Evanston: Evanston reported there were 273 new COVID-19 cases of Evanston residents on Jan. 13.
There was a total of 894 new COVID-19 cases of Evanston residents in the week ending Jan. 13, compared to 663 new cases in the prior week ending Jan. 6, a 35% increase. The seven-day average increased to 127.7 new cases from 94.7 one week ago. The chart below shows the trend.
There has been a total of 9,342 COVID-19 cases of Evanston residents during the pandemic, 690 of which are active.
No Evanstonian has died due to COVID-19 since Dec. 31. The number of deaths due to COVID-19 is 129.
Cases at D65 and ETHS: School District 65’s COVID-19 dashboard reports that for the seven-days ending Jan. 11, a total of 133 students and 48 staff members tested positive for COVID-19.
ETHS reports on its dashboard that in the seven-day period ending Jan. 7, 20 students and 29 staff tested positive for COVID-19.
Impact of Northwestern University. The latest data reported on NU’s website is that between Jan. 7 and Jan. 13, there were 686 new COVID-19 cases of faculty, staff or students. If the cases were of residents of Evanston, they would be included in Evanston’s numbers.T
NU’s dashboard says, “The vast majority of Northwestern community members who test positive are showing minor symptoms, if any, and they are recovering quickly. We expect to see continued elevated numbers next week as students continue returning to Evanston and Chicago to complete arrival testing, but anticipate the Wildcat Wellness period will help to stabilize some of the transmission in our community.”
The Risk Level of Community Spread
The weekly number of new cases per 100,000 people in Illinois increased from 1,499 in the seven days ending Jan. 6, to 1,740 in the seven days ending Jan. 13. The number of new cases per week in the State is now about 75 times higher than it was on June 10, the day before the State moved to Phase 5 of the Restore Illinois Plan.
As of Jan. 6, the weekly number of new cases per 100,000 people in Evanston is 1,207. The number per 100,000 for Chicago is 1,358, and for Suburban Cook County it is 1,610. The chart at the beginning of this article shows the trends.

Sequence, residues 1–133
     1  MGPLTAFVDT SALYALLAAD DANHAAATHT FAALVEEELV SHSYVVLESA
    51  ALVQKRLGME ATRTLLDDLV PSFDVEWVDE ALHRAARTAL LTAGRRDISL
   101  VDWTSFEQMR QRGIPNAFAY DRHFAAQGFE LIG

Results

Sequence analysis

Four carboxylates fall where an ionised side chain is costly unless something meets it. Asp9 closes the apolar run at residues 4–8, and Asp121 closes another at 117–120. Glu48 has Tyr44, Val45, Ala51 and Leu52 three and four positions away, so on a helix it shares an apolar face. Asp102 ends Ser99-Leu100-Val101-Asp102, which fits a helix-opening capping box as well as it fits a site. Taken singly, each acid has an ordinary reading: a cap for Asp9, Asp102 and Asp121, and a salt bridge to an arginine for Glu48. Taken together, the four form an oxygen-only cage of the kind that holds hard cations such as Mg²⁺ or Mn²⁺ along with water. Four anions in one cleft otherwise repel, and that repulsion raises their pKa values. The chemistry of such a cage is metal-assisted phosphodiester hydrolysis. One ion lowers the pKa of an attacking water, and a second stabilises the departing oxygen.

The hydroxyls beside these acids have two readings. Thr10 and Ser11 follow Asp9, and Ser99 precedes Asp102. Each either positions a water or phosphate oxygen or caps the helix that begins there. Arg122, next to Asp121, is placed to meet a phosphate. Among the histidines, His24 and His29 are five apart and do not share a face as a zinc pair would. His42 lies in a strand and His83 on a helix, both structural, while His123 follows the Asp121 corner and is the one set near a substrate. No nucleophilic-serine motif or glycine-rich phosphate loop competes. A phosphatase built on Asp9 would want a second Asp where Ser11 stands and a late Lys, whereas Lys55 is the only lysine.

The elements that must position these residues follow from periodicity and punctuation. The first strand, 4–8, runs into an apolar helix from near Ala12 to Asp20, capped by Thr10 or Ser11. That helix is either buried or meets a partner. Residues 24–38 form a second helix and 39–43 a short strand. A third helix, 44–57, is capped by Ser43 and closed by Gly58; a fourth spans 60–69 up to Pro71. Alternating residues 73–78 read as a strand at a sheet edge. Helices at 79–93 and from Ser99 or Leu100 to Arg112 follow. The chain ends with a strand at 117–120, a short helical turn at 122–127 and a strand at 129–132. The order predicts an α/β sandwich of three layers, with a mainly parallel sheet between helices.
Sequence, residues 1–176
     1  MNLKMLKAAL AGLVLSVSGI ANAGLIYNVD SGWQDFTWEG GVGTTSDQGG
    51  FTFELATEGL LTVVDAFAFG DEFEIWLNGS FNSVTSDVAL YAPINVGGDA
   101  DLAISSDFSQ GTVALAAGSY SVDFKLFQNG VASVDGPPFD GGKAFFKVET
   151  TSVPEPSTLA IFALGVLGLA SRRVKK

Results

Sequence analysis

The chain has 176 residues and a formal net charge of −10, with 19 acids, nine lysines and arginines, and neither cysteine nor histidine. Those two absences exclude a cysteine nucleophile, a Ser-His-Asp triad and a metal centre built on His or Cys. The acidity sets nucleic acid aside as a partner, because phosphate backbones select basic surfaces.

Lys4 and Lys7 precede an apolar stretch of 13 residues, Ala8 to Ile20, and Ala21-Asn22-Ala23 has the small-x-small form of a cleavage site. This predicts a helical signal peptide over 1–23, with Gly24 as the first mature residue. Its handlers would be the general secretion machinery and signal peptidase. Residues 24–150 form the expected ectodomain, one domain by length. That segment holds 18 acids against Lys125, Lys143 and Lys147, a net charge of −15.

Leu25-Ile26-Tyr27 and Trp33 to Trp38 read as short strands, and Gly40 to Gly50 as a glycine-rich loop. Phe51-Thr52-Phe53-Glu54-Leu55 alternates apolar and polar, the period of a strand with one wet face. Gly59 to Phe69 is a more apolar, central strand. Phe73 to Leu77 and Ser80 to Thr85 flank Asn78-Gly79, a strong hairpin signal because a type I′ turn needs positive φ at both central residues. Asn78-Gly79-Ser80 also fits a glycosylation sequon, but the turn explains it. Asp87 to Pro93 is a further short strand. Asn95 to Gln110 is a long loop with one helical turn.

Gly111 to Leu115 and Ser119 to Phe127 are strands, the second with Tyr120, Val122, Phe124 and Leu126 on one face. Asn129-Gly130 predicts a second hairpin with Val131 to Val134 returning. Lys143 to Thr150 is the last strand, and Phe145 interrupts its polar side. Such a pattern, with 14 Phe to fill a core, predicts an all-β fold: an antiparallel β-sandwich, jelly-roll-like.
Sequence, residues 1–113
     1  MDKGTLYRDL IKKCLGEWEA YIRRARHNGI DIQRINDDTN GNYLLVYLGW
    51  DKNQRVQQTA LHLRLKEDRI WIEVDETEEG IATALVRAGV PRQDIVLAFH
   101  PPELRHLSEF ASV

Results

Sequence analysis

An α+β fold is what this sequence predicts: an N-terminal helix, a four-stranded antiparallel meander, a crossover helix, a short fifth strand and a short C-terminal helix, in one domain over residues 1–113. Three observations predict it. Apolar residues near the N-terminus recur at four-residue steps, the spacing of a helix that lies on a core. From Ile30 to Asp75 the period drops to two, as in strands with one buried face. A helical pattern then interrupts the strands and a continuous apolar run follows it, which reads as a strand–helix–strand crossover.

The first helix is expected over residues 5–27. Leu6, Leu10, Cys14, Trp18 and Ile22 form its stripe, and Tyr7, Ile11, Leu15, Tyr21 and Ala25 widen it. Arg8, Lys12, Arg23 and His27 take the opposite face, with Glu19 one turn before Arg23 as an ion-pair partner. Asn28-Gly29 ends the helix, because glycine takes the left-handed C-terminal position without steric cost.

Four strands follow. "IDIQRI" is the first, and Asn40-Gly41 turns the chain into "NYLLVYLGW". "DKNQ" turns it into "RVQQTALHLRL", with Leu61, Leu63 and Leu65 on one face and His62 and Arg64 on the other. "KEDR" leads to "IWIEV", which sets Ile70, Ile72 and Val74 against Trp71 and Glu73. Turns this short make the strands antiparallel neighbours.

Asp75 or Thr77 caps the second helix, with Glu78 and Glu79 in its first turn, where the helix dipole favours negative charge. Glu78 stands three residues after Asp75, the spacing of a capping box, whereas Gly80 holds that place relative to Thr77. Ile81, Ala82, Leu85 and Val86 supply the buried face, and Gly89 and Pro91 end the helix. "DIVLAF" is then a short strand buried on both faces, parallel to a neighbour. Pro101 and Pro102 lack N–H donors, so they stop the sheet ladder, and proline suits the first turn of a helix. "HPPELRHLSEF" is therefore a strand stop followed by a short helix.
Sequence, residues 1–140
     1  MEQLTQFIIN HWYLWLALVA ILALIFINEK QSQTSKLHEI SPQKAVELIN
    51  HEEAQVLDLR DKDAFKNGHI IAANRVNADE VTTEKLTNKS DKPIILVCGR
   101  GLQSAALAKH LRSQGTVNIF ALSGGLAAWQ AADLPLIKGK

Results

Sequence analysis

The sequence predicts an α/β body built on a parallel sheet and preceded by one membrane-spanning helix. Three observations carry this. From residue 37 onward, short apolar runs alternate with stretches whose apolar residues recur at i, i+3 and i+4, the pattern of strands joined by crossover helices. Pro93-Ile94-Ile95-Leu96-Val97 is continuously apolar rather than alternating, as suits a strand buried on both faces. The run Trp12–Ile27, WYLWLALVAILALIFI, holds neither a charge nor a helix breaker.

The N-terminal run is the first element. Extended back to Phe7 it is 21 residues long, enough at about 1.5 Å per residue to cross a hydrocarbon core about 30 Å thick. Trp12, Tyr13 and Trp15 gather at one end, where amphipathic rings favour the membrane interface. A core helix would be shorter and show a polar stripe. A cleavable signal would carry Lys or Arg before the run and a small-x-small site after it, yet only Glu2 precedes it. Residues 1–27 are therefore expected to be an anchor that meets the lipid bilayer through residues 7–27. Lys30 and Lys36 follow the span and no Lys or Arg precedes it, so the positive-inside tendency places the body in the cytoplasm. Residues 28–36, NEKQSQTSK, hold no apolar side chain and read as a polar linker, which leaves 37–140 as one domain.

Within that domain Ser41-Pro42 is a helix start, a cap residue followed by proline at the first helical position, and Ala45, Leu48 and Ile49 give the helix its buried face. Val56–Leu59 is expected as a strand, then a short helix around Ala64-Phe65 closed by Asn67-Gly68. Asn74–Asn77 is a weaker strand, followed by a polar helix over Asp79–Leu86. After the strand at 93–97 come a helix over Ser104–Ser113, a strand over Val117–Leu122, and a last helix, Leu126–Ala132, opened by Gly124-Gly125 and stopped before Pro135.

Under CDC guidelines, an area is regarded as a “high transmission” area if it has more than 100 new weekly cases per 100,000 people. See Footnote 2. Illinois, Chicago, Suburban Cook County and Evanston are all way past that threshold. Evanston is more than 12 times higher than the threshold.
Test Positivity Rates: The most recent seven-day test-positivity rates are as follows: Illinois – 16.2%; Chicago – 15.6%; Suburban Cook County – 16.3%; and Evanston – 6.02%. These rates have each declined from one week ago.
The rates for Illinois, Chicago and Suburban Cook County all indicate that there are many cases that are not being detected, and that the risk of spread is very high and increasing. The CDC and IDPH both say that a test positivity rate over 10% indicates an area is a “high transmission” area.
As of Jan. 13, 78.3% of Illinois residents who are 5 and older had at least one dose of a vaccine, and 69.1% were fully vaccinated. These percentages are increasing very, very slowly and include people who reside in Illinois and have been vaccinated in Illinois or in other states. (Source: CDC and IDPH)
Data provided by IDPH indicates that only about 45% of the people in Illinois who are fully vaccinated have received the booster shot, which is regarded as important to boost the effectiveness of the vaccines, particularly with respect to the Omicron variant.